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  • Please remember REEF this holiday season -- donate during our Fall Fundraising Campaign. The financial support of our members is critical to ensuring the long-term success of the marine conservation work that REEF accomplishes every day. All donations are tax-deductible and a gift of any size is greatly appreciated. For donations of $250 or more, you will be thanked with a limited edition, signed Paul Humann print of a male jawfish guarding his eggs.
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  • Make a Dive Vacation That Counts in 2009! Check out the exciting schedule of REEF trips - there is something for everyone, including Field Surveys to learn more about the marine life that you see during your dives and citizen science research trips to help stop the spread of the invasive Indo-Pacific Lionfish. These eco-vacations also make a great gift for the diver in your life. Please contact our travel consultant to find out more and to book your space -- 1-877-295-7333 (REEF), REEF@caradonna.com.
  • REEF News Tidbits

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    New educational DVD/Book sets added to the REEF store! - These beautiful materials can help start grooming future generations of REEF surveyors and create good stewards of the environment. Perfect gifts and ideal for use in the classroom. The Dive Into Your Imagination by Annie Crawley entertains and educates children about the amazing natural world in the oceans. The DVDs are all bilingual and you can choose English or Spanish narration or a special track featuring just the music. In the special features section you can view the entire scripts and read to your children or have your children read to you. There are 4 sets to choose from, including "Dive Into Diversity" and "What Makes a Fish a Fish". Check them out on the REEF Store here today.

    Check out the latest news in the lionfish invasion. - There's so much going on with REEF's lionfish research and outreach programs, we can't possibly report it all here. Check out the Lionfish in the Media page to see how the media is covering our efforts.

    Online data entry available in all regions. - As we reported in last month's REEF-in-Brief, REEF surveyors in ALL regions can now submit their data online. We greatly encourage everyone to enter their surveys online rather than use the paper scanforms, if possible. And remember -- if you conduct a survey at a site that is not yet in REEF's Zone Code database, send us an email (data@reef.org) with the site name and latitude/longitude of the site and we will create the code for you. The 8-digit zone code must be in the system before you can enter data from the site.

    REEF News Tidbits

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  • New REEF Water Bottles and other Gear at the REEF Store! It's your one stop shop for all of your REEF Gear, ID Books and REEF Survey Supplies. Just added in the REEF Gear section -- water bottles and REEF Fish Surveyor t-shirts. We also just added new Identification Training Modules for Pacific Northwest Fish and Invertebrates.
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  • Sensational Seas Two Coming Soon! Check out the trailer for the awesome new Sensational Seas Two video available for sale in April. Proceeds benefit REEF and other marine non-profits.
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  • Dive Shows! 2010 Come see REEF at a dive show near you. In 2010, REEF plans to be at four major consumer shows -- Our World Underwater (just passed, in Chicago), Beneath the Sea (NJ), Northwest Dive Show (WA), and SCUBA 2010 (CA).
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  • Become a Fan of REEF on Facebook. We recently surpassed the 1,000-fan mark on the REEF Facebook Page. Gary Carlson joined 999 of our fans and also received some fun prizes for his lucky timing. The REEF Facebook page is a place to find the latest information about our programs and events, REEF's marine conservation work, and exclusive content and stories. It's also a great place for our members to post pictures, fish stories and whatever is on their mind.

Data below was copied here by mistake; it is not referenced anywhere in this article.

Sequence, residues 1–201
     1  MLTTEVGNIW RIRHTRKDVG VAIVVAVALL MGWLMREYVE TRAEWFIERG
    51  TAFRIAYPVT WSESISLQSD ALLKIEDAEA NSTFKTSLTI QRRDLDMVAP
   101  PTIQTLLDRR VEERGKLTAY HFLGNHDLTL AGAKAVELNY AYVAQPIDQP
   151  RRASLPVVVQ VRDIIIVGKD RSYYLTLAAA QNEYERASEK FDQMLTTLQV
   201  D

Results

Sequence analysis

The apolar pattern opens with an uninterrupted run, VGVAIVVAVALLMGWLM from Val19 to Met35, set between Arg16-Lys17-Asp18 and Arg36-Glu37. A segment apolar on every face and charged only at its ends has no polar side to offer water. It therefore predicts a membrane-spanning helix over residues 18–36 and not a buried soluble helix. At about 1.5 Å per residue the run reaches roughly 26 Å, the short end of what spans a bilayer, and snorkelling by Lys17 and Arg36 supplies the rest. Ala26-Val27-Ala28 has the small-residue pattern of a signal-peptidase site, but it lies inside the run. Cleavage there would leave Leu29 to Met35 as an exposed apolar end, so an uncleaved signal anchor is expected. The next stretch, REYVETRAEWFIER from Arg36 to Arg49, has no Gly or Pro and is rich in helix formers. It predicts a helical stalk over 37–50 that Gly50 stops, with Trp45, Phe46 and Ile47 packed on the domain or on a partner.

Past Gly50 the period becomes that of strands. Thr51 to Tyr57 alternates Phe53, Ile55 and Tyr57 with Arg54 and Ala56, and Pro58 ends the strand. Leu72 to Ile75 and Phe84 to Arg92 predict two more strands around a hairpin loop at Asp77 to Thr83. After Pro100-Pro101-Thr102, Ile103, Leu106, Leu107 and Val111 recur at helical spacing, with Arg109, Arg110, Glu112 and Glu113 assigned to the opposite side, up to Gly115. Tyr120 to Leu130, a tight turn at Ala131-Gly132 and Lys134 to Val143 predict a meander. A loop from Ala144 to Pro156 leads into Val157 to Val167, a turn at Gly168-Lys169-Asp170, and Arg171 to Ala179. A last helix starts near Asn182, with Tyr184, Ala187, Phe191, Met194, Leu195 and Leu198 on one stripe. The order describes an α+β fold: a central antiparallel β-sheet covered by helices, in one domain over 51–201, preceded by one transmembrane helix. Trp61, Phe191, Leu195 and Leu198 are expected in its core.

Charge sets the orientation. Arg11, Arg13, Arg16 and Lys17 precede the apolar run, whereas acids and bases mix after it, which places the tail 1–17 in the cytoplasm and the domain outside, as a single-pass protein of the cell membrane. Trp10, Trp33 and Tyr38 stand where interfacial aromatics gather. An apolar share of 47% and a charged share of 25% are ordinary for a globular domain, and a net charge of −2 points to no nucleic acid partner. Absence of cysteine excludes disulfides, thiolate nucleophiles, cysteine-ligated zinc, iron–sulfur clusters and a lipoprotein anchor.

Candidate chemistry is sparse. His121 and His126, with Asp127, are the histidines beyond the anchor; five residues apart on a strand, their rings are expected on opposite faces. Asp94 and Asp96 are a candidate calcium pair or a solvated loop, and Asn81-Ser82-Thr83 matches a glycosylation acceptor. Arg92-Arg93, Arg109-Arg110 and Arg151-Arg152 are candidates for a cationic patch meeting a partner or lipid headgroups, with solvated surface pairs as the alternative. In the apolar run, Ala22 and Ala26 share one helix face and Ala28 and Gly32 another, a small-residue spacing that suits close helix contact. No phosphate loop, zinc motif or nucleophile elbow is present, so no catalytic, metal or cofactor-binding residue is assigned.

• GAFC Back Where It All Started - the West Coast

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    Divers discuss sightings and record their data after a survey at Lover's Point in California. Photo courtesy Kari Larson/DCSV.
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    A female Kelp Greenling was one of the many species found during the dives near Friday Harbor (WA). Photo by Pete Naylor.

    The first Great Annual Fish Count (GAFC) event was held in 1992 at Anacapa Island, California, with fifty participants. Dr. Gary Davis from the Channel Islands National Park came up with the idea as way to engage park visitors. REEF took over the coordination of the event in 1997 when the REEF Fish Survey Project expanded to the US West Coast. The event was initially called the Great American Fish Count, but the name was changed in 2002 to reflect the increased participation and overwhelming response and commitment from REEF's Survey Project regions throughout the Caribbean, Gulf of California, and British Columbia. During it's 19th year (2010), the GAFC continues strong, including several events held along the west coast.

    On July 11, The Dive Club of Silicon Valley's annual GAFC event was held at Lover's Point in Pacific Grove, CA, organized by Kari Larson and Mike Davis. The day started as most summer days in the Pacific Grove - foggy and cool. About 40 divers participated, with a nice mix of new and experienced REEF surveyors. As dive teams came out of the water they commented on the abundance of fish this year at Lover's. Experienced REEF divers, Keith Rootsaert and Alex Matsumoto were on hand to help answer questions about critter ID and the survey method. Exciting finds included crevice kelpfish, a gaggle of reef surfperch, a couple large tubesnout laying/eating eggs on a piece of kelp, and a rare sighting of a Giant Pacific Octopus. Following the dive, the club hosted a BBQ to feed all the hungry divers and their families.

    The SeaDoc Society and Naknek Dive Charters teamed up for a great GAFC event in the San Juan Islands in Washington on July 16. The day began with a free REEF fish and invertebrate identification class presented by Joe Gaydos of the SeaDoc Society. Folks learned how to identify common species and how to conduct a REEF survey. In the afternoon, Peggy and Kurt Long of Naknek Charters, hosted a survey dive near Friday Harbor. The surveyors found Tiger Rockfish, schools of Pacific Sandlance, Pacific Spiny Lumpsuckers, and many more astounding sea creatures.

    Design by Joanne Kidd, development by Ben Weintraub